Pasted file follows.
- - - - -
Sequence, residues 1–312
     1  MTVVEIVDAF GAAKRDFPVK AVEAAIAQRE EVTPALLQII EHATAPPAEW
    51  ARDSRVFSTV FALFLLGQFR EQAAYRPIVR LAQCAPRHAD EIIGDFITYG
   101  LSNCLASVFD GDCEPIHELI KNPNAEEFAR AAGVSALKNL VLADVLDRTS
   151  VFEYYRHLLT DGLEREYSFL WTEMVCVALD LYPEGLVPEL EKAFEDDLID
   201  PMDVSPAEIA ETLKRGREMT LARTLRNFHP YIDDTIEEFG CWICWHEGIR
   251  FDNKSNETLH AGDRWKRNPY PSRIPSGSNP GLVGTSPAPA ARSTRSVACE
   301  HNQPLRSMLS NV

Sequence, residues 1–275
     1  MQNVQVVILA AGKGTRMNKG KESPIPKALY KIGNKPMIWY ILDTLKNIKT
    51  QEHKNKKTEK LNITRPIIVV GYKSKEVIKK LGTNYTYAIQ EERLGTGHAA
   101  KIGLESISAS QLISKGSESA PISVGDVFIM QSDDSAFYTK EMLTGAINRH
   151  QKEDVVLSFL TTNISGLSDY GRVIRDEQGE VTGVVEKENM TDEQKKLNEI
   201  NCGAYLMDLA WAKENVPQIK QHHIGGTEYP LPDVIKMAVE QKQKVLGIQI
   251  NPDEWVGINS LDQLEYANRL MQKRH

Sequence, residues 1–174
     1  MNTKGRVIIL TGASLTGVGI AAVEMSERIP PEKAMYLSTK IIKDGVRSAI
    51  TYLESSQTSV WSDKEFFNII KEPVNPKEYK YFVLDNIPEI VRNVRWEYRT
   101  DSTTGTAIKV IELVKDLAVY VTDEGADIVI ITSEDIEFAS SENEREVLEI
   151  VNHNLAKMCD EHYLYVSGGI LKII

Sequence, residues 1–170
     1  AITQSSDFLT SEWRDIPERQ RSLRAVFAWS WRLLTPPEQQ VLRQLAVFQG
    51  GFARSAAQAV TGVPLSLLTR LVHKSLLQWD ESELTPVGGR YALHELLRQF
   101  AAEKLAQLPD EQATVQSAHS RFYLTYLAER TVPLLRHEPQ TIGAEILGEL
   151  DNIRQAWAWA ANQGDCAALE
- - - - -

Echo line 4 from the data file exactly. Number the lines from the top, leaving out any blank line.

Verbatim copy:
   101  LSNCLASVFD GDCEPIHELI KNPNAEEFAR AAGVSALKNL VLADVLDRTS